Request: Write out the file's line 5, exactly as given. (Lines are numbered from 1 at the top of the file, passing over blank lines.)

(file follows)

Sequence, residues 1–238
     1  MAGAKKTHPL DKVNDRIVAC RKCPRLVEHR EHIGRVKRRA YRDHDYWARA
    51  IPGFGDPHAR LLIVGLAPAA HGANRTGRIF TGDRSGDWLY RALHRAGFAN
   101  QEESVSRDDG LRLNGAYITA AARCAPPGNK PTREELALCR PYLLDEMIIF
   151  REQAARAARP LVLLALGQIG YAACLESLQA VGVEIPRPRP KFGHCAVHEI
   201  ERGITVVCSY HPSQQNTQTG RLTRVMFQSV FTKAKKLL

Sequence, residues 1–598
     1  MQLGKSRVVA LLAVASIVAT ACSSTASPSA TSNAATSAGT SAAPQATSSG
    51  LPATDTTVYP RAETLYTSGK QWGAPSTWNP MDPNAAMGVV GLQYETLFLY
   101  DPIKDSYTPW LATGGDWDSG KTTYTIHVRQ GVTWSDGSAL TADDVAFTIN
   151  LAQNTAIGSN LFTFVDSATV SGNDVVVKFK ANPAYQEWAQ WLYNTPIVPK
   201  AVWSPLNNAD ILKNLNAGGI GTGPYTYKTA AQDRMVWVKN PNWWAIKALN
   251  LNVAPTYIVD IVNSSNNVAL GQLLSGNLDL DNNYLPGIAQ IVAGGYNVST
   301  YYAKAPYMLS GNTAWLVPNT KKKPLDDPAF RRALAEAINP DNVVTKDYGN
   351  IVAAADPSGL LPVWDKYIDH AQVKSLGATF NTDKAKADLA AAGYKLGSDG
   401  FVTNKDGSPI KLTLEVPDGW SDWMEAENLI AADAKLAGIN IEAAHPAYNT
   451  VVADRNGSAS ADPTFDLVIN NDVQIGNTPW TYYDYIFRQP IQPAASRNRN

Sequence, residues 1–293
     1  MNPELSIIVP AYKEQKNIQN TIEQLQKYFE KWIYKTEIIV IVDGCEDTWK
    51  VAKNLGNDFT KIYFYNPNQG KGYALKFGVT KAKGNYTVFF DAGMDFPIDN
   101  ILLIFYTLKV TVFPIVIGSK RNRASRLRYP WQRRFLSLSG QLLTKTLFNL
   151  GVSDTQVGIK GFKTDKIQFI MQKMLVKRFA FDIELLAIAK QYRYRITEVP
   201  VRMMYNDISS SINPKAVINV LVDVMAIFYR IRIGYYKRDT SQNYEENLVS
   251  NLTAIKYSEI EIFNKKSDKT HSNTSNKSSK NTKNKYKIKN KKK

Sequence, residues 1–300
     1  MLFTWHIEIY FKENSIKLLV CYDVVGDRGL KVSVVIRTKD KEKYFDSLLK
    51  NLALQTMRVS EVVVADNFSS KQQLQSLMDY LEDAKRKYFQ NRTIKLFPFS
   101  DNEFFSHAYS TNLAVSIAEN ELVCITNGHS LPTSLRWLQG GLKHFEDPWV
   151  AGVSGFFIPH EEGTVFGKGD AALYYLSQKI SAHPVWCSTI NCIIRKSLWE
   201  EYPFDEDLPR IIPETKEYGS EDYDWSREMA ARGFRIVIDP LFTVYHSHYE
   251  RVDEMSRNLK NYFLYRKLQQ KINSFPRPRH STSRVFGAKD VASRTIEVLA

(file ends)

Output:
   151  REQAARAARP LVLLALGQIG YAACLESLQA VGVEIPRPRP KFGHCAVHEI